Gastrectomy is most often done to treat
It is currently the only way to cure stomach cancer. The use of
after surgery may help improve survival. Even if the cancer is too advanced to be cured, gastrectomy can help to prevent bleeding, obstruction, and pain.
In addition to treating stomach cancer, this surgery may also be done to treat:
Benign tumors in the stomach
If you are planning to have gastrectomy, your doctor will review a list of possible complications, which may include:
Damage to nearby organs
Leaking from the new connection between the stomach, intestine, and/or esophagus
Hernia formation at the incision site
Reaction to anesthesia
Factors that may increase the risk of complications include:
Showering the night before your surgery using antibacterial soap
Arrange to have someone drive you to and from the hospital. Also, arrange for someone to help you at home.
Eat a light meal the night before the surgery. Do not eat or drink anything after midnight.
will be used. It will block any pain and keep you asleep through the surgery. It is given through an IV in your hand or arm.
Description of the Procedure
The doctor will make an incision in your abdomen. Next, she will use surgical instruments to remove all or part of your stomach. If only part of your stomach is removed, it is called partial gastrectomy. With this type of surgery, the doctor will connect the remaining part of your stomach to your esophagus and small intestine.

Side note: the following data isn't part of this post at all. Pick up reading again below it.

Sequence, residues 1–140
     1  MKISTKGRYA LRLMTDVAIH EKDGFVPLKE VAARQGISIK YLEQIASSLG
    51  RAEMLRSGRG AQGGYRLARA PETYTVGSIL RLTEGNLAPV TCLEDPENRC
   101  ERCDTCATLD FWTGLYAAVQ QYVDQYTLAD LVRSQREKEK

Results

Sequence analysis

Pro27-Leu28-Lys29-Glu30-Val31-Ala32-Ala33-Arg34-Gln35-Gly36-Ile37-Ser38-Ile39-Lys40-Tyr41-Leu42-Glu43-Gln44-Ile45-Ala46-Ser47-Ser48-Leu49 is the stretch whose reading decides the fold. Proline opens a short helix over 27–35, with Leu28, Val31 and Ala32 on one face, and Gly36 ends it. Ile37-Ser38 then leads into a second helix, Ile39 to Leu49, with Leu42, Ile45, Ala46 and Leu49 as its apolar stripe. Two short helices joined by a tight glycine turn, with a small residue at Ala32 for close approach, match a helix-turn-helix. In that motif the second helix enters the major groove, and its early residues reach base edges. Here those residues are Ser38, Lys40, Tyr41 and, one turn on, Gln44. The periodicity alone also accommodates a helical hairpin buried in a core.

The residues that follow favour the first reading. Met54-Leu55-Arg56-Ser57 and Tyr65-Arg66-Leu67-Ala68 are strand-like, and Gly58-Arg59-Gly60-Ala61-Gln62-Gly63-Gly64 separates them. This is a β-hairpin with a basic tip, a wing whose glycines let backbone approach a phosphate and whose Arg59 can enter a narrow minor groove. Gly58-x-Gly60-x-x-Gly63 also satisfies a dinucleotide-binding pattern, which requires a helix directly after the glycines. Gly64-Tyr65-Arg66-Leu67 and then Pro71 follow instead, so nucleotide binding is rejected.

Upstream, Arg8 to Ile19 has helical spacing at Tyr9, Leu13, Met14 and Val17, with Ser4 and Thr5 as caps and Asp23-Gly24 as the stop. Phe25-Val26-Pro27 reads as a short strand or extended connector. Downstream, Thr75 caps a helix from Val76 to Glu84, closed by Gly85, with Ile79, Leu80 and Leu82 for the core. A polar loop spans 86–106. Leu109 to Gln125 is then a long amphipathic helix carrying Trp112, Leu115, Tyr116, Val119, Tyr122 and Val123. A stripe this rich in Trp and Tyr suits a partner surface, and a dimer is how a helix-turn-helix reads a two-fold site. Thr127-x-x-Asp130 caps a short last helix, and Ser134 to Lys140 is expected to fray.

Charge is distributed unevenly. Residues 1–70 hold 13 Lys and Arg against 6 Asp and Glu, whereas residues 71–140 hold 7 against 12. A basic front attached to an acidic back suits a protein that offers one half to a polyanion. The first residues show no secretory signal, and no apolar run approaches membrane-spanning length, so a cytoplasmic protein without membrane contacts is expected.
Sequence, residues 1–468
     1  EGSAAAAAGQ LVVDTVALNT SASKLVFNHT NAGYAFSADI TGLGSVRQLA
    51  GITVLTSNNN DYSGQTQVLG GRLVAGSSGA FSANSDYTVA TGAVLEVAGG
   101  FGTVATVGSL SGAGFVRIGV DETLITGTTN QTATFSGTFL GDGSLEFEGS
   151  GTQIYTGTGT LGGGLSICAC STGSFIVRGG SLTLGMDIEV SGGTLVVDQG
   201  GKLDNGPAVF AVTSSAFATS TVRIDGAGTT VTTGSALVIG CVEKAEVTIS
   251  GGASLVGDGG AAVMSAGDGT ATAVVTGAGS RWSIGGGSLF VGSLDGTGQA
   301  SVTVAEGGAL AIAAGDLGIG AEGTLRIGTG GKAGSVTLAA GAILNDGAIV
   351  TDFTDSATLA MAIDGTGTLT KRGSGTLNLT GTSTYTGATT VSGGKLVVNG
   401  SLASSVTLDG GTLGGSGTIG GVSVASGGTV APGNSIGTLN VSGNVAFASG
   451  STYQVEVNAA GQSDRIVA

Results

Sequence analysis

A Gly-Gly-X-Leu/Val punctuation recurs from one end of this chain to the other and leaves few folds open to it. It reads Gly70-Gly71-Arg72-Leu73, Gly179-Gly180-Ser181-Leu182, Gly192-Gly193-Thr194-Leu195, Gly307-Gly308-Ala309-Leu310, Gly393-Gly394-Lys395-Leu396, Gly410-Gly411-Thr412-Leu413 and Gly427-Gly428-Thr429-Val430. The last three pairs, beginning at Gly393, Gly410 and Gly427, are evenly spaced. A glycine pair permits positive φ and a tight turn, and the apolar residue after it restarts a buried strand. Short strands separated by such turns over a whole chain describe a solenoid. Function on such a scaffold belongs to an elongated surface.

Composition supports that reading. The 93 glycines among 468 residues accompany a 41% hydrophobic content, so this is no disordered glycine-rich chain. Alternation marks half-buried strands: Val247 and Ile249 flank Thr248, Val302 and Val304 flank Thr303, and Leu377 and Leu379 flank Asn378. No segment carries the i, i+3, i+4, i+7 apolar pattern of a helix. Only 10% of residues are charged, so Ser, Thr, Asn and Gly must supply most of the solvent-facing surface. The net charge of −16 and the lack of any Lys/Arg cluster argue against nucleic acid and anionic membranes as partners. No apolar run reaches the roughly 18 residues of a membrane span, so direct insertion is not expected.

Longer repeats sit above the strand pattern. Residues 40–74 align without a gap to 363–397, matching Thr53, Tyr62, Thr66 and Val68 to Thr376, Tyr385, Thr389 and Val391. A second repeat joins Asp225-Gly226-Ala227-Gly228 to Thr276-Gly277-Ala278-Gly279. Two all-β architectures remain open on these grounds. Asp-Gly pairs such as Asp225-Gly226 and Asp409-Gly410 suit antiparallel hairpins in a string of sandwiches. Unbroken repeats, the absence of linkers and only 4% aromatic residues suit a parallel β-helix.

If this is done for ulcer disease, the nerves that control acid production may also be cut. If all of your stomach is removed, it is called total gastrectomy. The doctor will attempt to make a new “stomach” using your intestinal tissue. The end of your esophagus will be attached to your small intestine.
If you have stomach cancer, the doctor will likely remove and examine lymph nodes as well. This is because cancer can spread through your lymphatic system.
After the surgery is complete, the doctor will close the muscles and skin of the abdomen with stitches or staples. Lastly, she will apply a dressing.
How Long Will It Take?
1-3 hours (or longer)
How Much Will It Hurt?
You will have pain during recovery. Ask your doctor about medicine to help with the pain.
Average Hospital Stay
This surgery is done in a hospital setting. The usual length of stay is 6-12 days. Your doctor may choose to keep you longer if complications arise.
Your doctor will give you guidelines on:
When and what you can eat
How you need to restrict your activity
During the first few days after surgery, you may be restricted from eating. As your stomach stretches during recovery, you will be able to eat more at a time.
If you had a total gastrectomy, you will need to eat smaller amounts of foods more often.
Please be aware that this information is provided to supplement the care
provided by your physician. It is neither intended nor implied to be a
substitute for professional medical advice. CALL YOUR HEALTHCARE PROVIDER
IMMEDIATELY IF YOU THINK YOU MAY HAVE A MEDICAL EMERGENCY. Always seek the
advice of your physician or other qualified health provider prior to
starting any new treatment or with any questions you may have regarding a